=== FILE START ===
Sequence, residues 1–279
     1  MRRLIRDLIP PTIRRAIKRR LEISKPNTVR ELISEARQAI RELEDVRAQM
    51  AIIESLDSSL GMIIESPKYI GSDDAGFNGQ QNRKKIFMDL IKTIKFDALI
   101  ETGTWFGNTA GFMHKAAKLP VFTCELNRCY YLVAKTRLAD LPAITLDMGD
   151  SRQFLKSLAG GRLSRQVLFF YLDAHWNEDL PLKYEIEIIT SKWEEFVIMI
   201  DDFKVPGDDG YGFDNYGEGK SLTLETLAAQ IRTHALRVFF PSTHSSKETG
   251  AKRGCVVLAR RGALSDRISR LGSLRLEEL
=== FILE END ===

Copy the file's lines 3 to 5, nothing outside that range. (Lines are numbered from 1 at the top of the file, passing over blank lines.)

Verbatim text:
    51  AIIESLDSSL GMIIESPKYI GSDDAGFNGQ QNRKKIFMDL IKTIKFDALI
   101  ETGTWFGNTA GFMHKAAKLP VFTCELNRCY YLVAKTRLAD LPAITLDMGD
   151  SRQFLKSLAG GRLSRQVLFF YLDAHWNEDL PLKYEIEIIT SKWEEFVIMI